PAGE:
Senators simply "have a great deal of comfort in confirming a sitting judge," said Gene Schaerr, a Washington lawyer who has served as a clerk at the court. "I think people who are on the list who are judges, and have established track records of interpreting statutes and the Constitution, are in a better position as a result of what happened to Harriet Miers."

Likewise, the Miers aftermath may complicate any continuing chances for consideration of Gonzales.

Berenson, the former White House aide, said Gonzales shared with Miers potential issues over executive privilege, as well as what is now clear: "the potent implications of opposition from the right."

Times staff writers Janet Hook and Richard Simon contributed to this report.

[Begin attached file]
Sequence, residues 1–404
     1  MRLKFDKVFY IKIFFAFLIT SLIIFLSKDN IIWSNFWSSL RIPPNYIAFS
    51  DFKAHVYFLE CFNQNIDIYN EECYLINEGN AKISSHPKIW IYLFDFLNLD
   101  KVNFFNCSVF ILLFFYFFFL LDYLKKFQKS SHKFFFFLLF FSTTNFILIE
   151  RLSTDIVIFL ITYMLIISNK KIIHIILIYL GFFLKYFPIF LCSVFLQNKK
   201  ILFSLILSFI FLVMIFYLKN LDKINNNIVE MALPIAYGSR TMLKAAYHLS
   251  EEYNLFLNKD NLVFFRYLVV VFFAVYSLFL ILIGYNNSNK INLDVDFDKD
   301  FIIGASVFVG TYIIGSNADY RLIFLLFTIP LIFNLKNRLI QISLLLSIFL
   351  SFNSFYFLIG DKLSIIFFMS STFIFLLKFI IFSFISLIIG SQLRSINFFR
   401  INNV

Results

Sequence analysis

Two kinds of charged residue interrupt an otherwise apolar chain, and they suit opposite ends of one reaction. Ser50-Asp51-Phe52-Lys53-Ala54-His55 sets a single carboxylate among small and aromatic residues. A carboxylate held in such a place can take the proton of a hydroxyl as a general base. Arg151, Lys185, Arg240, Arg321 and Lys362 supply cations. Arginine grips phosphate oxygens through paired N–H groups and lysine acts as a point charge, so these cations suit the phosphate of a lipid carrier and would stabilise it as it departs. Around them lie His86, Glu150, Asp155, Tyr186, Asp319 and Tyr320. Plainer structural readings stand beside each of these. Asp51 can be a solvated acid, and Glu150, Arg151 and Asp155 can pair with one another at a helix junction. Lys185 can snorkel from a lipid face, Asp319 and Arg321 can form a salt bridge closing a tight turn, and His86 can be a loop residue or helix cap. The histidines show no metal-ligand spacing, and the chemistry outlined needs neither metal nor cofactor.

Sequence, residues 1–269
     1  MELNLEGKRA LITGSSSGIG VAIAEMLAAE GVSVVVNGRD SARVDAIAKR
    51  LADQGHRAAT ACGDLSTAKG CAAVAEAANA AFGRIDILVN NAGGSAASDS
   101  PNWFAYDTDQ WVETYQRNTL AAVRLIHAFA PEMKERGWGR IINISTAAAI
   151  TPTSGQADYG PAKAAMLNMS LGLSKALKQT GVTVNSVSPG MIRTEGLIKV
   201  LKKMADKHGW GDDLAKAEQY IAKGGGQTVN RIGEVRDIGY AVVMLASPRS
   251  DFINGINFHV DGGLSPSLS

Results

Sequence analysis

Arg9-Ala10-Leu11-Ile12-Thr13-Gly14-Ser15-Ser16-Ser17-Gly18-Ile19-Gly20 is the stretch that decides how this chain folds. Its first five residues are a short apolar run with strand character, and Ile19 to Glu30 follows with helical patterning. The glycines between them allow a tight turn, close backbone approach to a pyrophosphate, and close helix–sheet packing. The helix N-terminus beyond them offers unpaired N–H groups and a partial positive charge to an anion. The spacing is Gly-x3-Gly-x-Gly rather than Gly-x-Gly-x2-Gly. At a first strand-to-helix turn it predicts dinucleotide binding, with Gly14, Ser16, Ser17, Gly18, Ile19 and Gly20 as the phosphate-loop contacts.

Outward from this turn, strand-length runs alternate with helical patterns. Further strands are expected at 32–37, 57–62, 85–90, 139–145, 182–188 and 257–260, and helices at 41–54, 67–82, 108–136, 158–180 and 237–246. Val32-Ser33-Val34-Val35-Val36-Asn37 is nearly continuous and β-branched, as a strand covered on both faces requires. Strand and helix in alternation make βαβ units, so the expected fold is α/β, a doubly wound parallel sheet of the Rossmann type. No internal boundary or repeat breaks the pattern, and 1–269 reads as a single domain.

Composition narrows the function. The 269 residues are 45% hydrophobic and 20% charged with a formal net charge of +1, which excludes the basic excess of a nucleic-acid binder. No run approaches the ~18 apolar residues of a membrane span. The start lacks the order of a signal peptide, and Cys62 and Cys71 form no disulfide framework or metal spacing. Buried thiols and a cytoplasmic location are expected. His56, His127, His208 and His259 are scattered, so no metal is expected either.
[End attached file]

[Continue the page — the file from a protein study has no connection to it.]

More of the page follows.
Possible candidates for the Supreme Court:

Samuel A. Alito Jr.

Federal appeals court judge

Has a strong record of public service as a prosecutor, Justice Department official and judge. Viewed as reliably conservative but not considered as strident as some of the other possible nominees.


Janice Rogers Brown

Federal appeals court judge

Favored by social conservatives and loathed by liberals because of her arch-conservative jurisprudence on the California Supreme Court and public speeches critical of the Supreme Court. Likely to engender threats of a filibuster.


Alberto R. Gonzales

Attorney general

Has two major liabilities that Miers had: the executive privilege issue and resistance from social conservatives who doubt he is sufficiently antiabortion. Some analysts say his prospects were perhaps the most damaged by what happened in the Miers nomination.


Michael W. McConnell

Federal appeals court judge

Supported by liberal and moderate law professors when he was nominated to the federal appeals court. Would be controversial among liberal interest groups because of his opposition to Roe vs. Wade and his positions on church-state relations.